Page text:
Review: Yocho, aka Foreboding (Japan Cuts 2018)

by Matthew Edward Hawkins

The latest from Kiyoshi Kurosawa serves as a companion piece to his previous film, Before We Vanish. As one of the curators at Japan Society noted at the screening, they share the same “cinematic universe”, though Yocho feels less me too-is when considering the original format; it was initially a television miniseries that made its debut a month after the precursor hit the big screen. The theatrical version is essentially the original five episodes in a heavily edited compilation; I’m dying to know how long each one was, and therefore how much (as well as what exactly) was left on the cutting room floor. Because…

Yocho is essentially Kiyoshi Kurosawa’s take on Invaders of the Body Snatchers (well, technically his second). Which means it’s also about aliens planning a takeover of earth, who have embedded themselves in society, to covertly gather intel. But instead of stealing people wholesale, as in their identities, they rob people of abstract concepts, or “conceptions”. Early on a victim has the concept of “family” taken, hence why she freaks out when encountering her father, since she no longer understands the word, along with the meaning behind it. This same individual eventually becomes comatose, since the very concept of family is the basis of human society. The film primarily revolves around two humans; first is Etsuko, friend of the aforementioned victim, who after taking her to the hospital, ends up having a chance encounter with an alien pretending to be a doctor. Second is Etsuko’s husband Tatsuo, the assistant to one Dr. Makabe… aka the aforementioned alien in disguise? It works like this: when an alien lands on earth, they appoint an escort to show them the lay of the land. Tatsuo is one such lucky human, who picks and chooses Makabe’s victims, as well as help him produce the concepts that are desired at the moment.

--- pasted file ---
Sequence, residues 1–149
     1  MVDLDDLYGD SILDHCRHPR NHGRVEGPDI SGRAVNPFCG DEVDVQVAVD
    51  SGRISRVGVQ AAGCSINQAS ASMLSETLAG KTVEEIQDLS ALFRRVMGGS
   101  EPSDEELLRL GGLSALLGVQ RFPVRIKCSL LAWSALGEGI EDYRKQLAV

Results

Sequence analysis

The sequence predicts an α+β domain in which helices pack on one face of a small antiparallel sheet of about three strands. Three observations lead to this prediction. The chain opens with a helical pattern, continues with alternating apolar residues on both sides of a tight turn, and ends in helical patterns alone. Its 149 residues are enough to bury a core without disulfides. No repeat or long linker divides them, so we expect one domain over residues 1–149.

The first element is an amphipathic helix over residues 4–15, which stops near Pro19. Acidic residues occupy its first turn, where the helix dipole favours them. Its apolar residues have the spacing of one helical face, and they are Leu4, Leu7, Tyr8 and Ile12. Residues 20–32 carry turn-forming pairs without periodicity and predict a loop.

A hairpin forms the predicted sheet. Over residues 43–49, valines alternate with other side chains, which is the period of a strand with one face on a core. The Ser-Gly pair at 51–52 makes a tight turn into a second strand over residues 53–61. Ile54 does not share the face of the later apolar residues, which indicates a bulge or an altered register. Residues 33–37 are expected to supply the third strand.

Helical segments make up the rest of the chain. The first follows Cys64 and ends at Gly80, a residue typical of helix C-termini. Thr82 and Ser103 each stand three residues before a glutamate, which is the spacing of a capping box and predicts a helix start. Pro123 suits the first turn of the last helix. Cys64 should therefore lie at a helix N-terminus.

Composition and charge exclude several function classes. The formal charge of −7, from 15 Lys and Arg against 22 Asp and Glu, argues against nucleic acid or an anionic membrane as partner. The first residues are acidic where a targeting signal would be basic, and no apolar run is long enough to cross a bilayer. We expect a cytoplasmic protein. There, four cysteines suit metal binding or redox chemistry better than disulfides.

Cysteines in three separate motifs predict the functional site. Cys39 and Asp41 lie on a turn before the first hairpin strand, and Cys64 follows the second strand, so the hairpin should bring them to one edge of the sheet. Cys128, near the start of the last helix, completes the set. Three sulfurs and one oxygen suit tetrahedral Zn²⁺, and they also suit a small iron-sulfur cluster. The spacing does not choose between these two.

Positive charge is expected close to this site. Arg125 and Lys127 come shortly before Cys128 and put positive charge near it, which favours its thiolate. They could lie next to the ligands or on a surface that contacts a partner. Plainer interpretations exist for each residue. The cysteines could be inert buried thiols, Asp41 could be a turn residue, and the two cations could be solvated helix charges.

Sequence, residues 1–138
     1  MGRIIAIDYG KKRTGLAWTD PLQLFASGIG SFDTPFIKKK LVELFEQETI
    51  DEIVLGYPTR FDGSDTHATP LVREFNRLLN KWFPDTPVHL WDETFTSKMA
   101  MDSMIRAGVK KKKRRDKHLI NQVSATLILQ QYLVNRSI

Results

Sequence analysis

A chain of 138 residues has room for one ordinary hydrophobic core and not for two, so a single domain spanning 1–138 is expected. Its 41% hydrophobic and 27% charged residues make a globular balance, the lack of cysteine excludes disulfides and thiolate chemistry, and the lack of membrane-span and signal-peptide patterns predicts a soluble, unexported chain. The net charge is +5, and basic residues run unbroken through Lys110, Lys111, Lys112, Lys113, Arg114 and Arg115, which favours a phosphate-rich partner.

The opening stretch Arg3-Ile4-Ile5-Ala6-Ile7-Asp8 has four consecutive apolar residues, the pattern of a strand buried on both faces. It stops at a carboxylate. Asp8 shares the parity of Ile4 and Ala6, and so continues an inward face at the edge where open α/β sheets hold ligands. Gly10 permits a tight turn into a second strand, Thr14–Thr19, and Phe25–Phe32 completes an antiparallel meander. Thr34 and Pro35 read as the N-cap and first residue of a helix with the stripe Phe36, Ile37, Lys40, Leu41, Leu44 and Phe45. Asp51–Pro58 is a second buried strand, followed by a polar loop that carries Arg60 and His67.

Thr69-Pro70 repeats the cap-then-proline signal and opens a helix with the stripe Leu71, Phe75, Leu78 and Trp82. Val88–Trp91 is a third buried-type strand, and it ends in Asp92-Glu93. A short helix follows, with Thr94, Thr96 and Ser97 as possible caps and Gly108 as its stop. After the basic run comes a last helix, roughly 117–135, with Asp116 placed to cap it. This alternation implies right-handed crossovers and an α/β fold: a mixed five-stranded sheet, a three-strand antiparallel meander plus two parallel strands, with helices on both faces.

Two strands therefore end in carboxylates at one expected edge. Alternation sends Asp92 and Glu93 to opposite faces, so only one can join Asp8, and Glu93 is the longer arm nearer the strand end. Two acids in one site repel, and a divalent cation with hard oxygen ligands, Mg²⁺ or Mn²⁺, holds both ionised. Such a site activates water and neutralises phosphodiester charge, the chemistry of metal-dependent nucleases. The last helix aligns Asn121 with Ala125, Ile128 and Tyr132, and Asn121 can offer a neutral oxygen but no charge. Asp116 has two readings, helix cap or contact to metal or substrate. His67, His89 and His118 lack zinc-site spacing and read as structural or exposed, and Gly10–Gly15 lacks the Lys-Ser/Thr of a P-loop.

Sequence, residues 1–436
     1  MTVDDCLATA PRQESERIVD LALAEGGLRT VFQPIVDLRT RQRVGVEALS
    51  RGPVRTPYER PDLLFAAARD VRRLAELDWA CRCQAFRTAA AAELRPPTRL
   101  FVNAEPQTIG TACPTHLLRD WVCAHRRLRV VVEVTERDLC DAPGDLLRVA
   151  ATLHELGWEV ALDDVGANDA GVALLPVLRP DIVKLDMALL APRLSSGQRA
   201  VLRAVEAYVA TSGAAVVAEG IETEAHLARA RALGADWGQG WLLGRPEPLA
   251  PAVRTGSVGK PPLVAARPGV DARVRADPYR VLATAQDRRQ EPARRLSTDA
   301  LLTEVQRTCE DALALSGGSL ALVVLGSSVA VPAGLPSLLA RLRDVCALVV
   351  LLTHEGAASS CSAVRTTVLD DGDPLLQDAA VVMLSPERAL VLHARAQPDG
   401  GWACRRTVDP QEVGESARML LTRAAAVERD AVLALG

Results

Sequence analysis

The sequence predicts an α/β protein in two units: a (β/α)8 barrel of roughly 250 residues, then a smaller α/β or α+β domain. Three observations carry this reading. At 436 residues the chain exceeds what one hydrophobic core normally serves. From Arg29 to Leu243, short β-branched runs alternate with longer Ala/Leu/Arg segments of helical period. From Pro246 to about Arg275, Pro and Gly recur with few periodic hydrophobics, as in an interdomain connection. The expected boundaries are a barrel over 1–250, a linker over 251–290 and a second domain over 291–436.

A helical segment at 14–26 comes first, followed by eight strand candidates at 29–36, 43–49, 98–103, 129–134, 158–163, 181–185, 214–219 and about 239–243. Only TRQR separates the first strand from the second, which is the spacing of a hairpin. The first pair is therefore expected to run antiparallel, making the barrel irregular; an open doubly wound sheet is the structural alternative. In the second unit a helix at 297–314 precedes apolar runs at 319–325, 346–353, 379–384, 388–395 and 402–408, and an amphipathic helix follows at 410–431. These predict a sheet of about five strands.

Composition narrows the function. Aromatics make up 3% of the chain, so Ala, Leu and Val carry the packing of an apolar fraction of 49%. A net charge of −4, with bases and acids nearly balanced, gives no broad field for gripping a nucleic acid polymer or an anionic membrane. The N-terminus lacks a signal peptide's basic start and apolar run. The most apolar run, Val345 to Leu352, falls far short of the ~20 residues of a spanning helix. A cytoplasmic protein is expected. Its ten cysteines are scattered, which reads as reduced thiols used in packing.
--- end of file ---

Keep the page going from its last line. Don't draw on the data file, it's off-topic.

Initially, Tatsuo targets individuals that he has issues with, but as things keep going, the weight of the situation becomes unbearable. But it’s not like he can just walk away from his role… or can he? Also, there are other aliens besides Makabe, right? Overall, Yocho is a fine accompaniment to Before We Vanish, yet one can’t help shake the feeling that perhaps it’s best absorbed via the original format. Because there’s definitely the sense that something is missing; with so much material to pull from, it’s understandable that the priority would be parts that ultimately drive the narrative forward. Yet any fan of Kiyoshi Kurosawa can tell you that the appeal of his work comes from the silence between the beats (hence why the idea of a conceivably five-hour long flick by the man to be most intriguing). Yet despite all that, Yocho nevertheless a thoroughly engaging and entertaining flick, one that further cements Kiyoshi Kurosawa’s status as a master class director, perhaps the absolute best in the realm of modern Japanese cinema. It’s just not his finest; see them both, and in any order really. Alas, I wasn’t able to see a screener beforehand, so the film’s lone screening has come and gone, though it will hopefully show up in one of the two dozen Roku channels that has become the home for Asian cinema!

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